Re: Selina C/Jack P: the (bad) diner
Cat would never be small town, and she wasn't trying to be. Certainly, part of her was trying to fit in, to become part of the quirky little population that called Repose home. But she couldn't pass for anything but city. Even without her accent - Russian or Jersey - she didn't think small, and she didn't move small, and that wasn't likely to change as a result of geography.
"You consider it, but here you are." She used her toast to motion around them. "Some advice? If you want to make a change? Make it. If you put it off, years go by, and you're still in the same place, doing the same thing." Words of wisdom, and she chased them with some more of that coffee, with the full knowledge that a fresh pot would be on before she finished the dregs.
He talked about morals, souls, and newspaper men; she scoffed. "Whatever happened to telling the truth? Or are you one of those men looking to get big on a tell-all." She tsked, and the fresh coffee was set in front of her. "There are two different kinds of newspaper men. The ones who think they're telling the truth, opening the eyes of the regular citizen. And then there's the kind of newspaper man that would sell his mother for a story." She took the last bite of her piece of toast. "I don't think I need to ask which kind you are."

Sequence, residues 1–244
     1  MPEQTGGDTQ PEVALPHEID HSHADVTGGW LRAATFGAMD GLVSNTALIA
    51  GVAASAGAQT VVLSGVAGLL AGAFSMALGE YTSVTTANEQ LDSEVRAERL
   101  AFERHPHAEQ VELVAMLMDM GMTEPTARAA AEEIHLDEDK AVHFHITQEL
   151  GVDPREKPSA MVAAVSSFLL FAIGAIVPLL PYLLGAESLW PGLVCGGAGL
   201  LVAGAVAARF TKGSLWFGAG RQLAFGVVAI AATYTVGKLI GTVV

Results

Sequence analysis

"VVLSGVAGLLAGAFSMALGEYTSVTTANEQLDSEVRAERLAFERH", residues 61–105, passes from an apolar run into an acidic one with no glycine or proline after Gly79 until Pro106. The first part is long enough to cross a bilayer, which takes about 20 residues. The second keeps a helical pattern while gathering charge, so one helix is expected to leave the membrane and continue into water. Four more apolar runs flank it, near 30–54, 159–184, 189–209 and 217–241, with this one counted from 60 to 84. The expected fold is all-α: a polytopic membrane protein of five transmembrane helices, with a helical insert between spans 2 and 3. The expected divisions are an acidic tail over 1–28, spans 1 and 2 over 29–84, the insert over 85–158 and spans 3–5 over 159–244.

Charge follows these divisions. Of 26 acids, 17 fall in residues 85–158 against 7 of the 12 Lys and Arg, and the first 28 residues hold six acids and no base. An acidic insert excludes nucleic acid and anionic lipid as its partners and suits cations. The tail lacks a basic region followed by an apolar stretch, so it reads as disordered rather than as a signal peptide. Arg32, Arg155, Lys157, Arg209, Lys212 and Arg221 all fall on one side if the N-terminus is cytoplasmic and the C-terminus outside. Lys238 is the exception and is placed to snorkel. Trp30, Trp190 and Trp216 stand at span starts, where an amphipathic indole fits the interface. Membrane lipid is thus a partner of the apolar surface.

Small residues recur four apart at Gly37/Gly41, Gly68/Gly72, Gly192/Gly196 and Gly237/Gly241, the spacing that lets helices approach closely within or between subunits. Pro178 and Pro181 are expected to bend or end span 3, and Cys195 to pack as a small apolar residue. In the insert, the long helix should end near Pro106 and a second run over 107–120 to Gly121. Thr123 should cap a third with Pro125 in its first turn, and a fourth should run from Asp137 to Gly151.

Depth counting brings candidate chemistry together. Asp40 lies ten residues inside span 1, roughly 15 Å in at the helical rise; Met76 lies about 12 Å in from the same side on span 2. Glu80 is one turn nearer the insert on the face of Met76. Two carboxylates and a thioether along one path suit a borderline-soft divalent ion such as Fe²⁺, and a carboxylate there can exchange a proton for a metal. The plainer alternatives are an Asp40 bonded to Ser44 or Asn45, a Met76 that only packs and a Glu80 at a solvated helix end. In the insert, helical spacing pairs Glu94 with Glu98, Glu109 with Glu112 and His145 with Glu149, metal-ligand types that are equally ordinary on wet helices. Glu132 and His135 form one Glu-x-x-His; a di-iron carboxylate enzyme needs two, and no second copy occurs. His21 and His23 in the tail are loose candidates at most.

Second piece of toast between her fingers. "I never said I was immoral." Innocently. "Did I?" Her grin was teasing, and she hadn't said that at all. It wasn't even clear if she really didn't like morality in others. Stay on your toes, newspaperman. "There's a correlation between morality and candy canes? Oh, do enlighten me."